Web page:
If the information in question is found to fall within the "voluntary" category, then its "confidential" status will be governed by Critical Mass, not National Parks. Under the Critical Mass test, such information is considered "confidential" if it is "of a kind that would customarily not be released to the public by the person from whom it was obtained." 975 F.2d at 879. To apply this test, an agency must examine all of the information contained within a voluntary submission and reach a judgment about the submitter's customary treatment of that information. Agencies should be mindful of the fact that a given submission might contain information that is not customarily provided to the public by the submitter, as well as information that is customarily made public -- such as through a company's promotional materials or its public securities filings, for example. Only the former information will be covered by Exemption 4, so voluntary submissions must be segregated carefully to ensure the disclosure of all nonexempt information. In the application of this test, it is the treatment of individual submitters that should be examined, not the customs of an industry as a whole. See id. at 872, 878, 879, 880 (articulating test precisely in such terms). It also should be remembered that this new "customary treatment" standard does allow for the submitter to have made some disclosures of the information, so long as those disclosures were not "public" ones. This is pointedly illustrated by the records that were at issue in the Critical Mass case itself -- records which had been provided (under a nondisclosure agreement) "to nearly everyone who may be interested except the public-at-large," Critical Mass Energy Project v. NRC, 644 F. Supp. 344, 347 n.5 (D.D.C. 1986), yet whichwere ruled exempt by the D.C. Circuit simply because they were "not customarily release[d]
Because Executive Order 12,600 predates the Critical Mass decision, it contains no submitter-notice procedure regarding this "customary treatment" test for voluntary submissions. As a matter of sound administrative practice, however, agencies should employ procedures analogous to those set forth in Executive Order 12,600 when determining whether this test is satisfied for voluntary submissions. Accordingly, just as no notice is necessary where anagency is able to determine on its own that disclosure would cause a submitter competitive harm under National Parks, an agency likewise should be able to withhold information under the Critical Mass test without contacting the submitter -- wherever the agency already has a basis for being certain that that submitter does not customarily release any of that information to the public.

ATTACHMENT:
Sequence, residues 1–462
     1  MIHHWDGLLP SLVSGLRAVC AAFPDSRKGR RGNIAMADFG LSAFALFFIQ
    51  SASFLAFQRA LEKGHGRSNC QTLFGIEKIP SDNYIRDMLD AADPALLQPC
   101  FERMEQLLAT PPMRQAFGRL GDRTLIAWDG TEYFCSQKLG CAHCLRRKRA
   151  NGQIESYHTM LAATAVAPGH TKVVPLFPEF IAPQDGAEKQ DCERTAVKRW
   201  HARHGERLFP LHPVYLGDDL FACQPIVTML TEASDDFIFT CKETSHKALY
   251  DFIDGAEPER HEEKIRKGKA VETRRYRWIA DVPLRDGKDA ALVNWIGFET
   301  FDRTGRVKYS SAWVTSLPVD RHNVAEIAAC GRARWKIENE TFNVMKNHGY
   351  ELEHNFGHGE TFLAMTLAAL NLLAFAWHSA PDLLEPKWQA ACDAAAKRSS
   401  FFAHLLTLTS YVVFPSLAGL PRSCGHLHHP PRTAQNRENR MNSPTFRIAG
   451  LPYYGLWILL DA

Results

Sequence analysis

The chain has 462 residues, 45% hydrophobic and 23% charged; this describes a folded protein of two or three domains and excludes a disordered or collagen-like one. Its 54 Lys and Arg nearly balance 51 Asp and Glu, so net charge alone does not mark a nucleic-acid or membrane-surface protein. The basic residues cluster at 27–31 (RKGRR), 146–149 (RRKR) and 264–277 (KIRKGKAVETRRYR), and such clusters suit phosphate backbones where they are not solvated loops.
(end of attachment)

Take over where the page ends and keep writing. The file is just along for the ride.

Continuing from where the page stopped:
On the other hand, where an agency is uncertain of the submitter's customary treatment of any such information, the submitter should be requested to provide the agency with a description of its treatment of the information, including any disclosures that are customarily made and the conditions under which such disclosures occur. The agency should then make an objective determination as to whether the information "is of a kind that the provider would not customarily release to the public." 975 F.2d at 880. In so doing, agencies should be mindful of the fact that the D.C. Circuit specifically observed in Critical Mass that "the agency invoking Exemption 4 must meet the burden of proving the provider's custom." Id. at 879.